As reported in the Post, Chua and Rubenfeld argue that “success” is attributable to three distinct cultural traits: superiority complex, inferiority complex, and impulse control. Simply put, Chua and Rubenfeld seem to argue that a sense of superiority — confidence, purpose, and a belief in excellence — alongside a sense of inferiority — humility, modesty, and determination — are two essential ingredients to success. For the sake of brevity, and my focus on historic continuity between Chua and a larger history of scientific racism, it is important to reflect on their understanding of “impulse control” and how it fits within a larger history of white supremacy, notions of civilization, and arguments about fitness, self-control, and self-governance. “As we’ll use the term,” write Chua and Rubenfeld, “impulse control refers to the ability to resist temptation, especially the temptation to give up in the face of hardship or quit instead of persevering at a difficult task.”

This argument is not new. Central to white supremacist discourses and practices, from the representations of minstrelsy and Jim Crow, to Native American bordering schools and contemporary mascots, is the idea that “racial others have impulses that demand a civilizing force in order to rein them in.” The inability to exert control over the “impulses” of racial others has also been cited throughout history as evidence of inferiority, reason for inequality, and the justification of state violence. For example, Anglos rationalized the conquest of California by citing the “lack of self-discipline” and “cultural backwardness” of the Californios. In their minds, Mexicans were “indolent people, whose backwardness reflected their having poor personal habits and collective deficiencies such as laziness or a penchant for extravagances.”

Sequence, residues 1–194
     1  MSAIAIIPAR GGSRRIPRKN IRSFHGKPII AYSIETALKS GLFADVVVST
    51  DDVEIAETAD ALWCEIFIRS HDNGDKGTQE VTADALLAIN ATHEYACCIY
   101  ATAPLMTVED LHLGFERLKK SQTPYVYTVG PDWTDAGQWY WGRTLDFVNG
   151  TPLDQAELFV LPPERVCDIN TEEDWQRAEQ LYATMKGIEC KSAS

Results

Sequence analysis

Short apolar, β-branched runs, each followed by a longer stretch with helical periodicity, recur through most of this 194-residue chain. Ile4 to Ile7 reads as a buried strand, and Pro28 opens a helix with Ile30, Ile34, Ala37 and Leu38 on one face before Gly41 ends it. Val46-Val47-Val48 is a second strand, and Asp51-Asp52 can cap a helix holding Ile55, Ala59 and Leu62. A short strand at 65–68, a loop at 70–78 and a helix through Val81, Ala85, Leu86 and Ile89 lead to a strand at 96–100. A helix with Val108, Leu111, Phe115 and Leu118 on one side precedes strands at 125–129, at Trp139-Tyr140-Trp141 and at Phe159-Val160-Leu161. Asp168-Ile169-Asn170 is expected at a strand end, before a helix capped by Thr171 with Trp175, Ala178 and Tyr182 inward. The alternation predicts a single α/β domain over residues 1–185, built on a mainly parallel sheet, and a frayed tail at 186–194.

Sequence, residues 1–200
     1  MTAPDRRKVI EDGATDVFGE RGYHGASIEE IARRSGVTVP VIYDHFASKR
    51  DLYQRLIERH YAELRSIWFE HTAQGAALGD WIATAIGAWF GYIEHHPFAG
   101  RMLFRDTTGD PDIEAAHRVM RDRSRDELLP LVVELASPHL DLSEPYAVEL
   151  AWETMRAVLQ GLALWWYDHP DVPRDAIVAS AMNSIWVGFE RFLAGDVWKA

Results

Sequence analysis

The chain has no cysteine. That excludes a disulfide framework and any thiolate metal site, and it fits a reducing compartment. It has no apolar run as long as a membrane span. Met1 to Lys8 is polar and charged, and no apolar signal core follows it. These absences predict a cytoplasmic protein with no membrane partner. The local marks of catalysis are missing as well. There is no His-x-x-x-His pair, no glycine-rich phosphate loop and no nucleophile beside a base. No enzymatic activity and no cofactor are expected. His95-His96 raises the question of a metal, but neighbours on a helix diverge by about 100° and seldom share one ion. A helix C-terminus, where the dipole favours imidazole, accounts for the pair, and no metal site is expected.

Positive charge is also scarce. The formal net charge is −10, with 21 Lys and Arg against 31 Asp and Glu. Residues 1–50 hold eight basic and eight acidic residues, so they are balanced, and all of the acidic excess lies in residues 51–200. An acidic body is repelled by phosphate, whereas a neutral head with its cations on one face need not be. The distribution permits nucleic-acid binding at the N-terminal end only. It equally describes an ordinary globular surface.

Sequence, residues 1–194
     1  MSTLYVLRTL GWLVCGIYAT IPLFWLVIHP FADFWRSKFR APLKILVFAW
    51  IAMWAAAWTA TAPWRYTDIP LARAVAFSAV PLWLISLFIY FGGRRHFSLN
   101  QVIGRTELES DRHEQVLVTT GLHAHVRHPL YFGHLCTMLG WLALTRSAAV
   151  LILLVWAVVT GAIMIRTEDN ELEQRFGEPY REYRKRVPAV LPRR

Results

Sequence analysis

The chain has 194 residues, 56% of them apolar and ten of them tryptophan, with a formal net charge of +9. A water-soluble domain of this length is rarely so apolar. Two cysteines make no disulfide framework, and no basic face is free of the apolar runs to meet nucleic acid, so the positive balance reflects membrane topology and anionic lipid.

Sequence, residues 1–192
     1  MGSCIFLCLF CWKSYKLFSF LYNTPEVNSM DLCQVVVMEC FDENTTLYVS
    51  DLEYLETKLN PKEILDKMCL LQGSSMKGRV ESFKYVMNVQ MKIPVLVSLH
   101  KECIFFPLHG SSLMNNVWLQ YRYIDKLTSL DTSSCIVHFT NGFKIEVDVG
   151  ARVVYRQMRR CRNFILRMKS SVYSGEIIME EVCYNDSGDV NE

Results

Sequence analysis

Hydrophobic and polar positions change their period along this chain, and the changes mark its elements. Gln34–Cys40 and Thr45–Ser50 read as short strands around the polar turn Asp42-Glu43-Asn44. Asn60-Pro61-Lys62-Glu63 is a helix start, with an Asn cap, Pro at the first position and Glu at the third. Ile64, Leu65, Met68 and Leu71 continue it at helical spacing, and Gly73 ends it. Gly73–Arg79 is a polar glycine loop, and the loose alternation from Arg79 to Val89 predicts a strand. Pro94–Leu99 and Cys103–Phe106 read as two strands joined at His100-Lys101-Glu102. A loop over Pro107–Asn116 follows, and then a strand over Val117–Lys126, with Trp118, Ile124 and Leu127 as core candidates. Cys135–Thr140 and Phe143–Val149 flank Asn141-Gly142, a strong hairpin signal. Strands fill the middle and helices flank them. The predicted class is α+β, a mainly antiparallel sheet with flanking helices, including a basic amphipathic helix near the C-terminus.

Irrespective of intent, The Triple Package builds on a long history of American racism, faux science, and racial discourses that have sought to normalize and naturalize inequalities. It’s a remix of Herbert Spencer, Charles Davenport, The Bell Curve, and countless other theories that have normalized white supremacy and socially produced injustices. Whereas past theories focused on biological differences that located the physical, psychological, and cultural differences within inheritable traits, Chua and Rubenfeld explain away differences and inequalities, arguing that individual values and cultural traits push certain groups to the top of “success mountain” and others into the pits of failure.

The book’s argument recycles longstanding arguments that governed systems of slavery, imperialism, and colonization. On the eve of the Spanish-American War, Alfred Mahan described Asia as “rich in possibilities,” but seemingly in waste because of “negligence and incompetence of its inhabitants.” The irony of Chua and Rubenfeld identifying Chinese or Indians as having the requisite cultural values, given this history, should give us pause. The cultural deficiencies and the lack of “political fitness” meant that the land and resources were underdeveloped and therefore no one had “natural right to land.” As with the indigenous communities, the lack of development within in Cuba, Puerto Rico, Philippines, and throughout Asia necessitated action and intervention. “Will anyone seriously content that the North American continent should have been left forever in the hands of tribes,” Mahan asked, in justifying U.S. expansion overseas as part of a history of the civilized, anointed by God, conquering “savages who waste land and resources.” Success and failure, civilization and the lack thereof, were tied to culture.

Continue reading at  http://hnn.us/article/154434#sthash.5Lrf6lvt.dpuf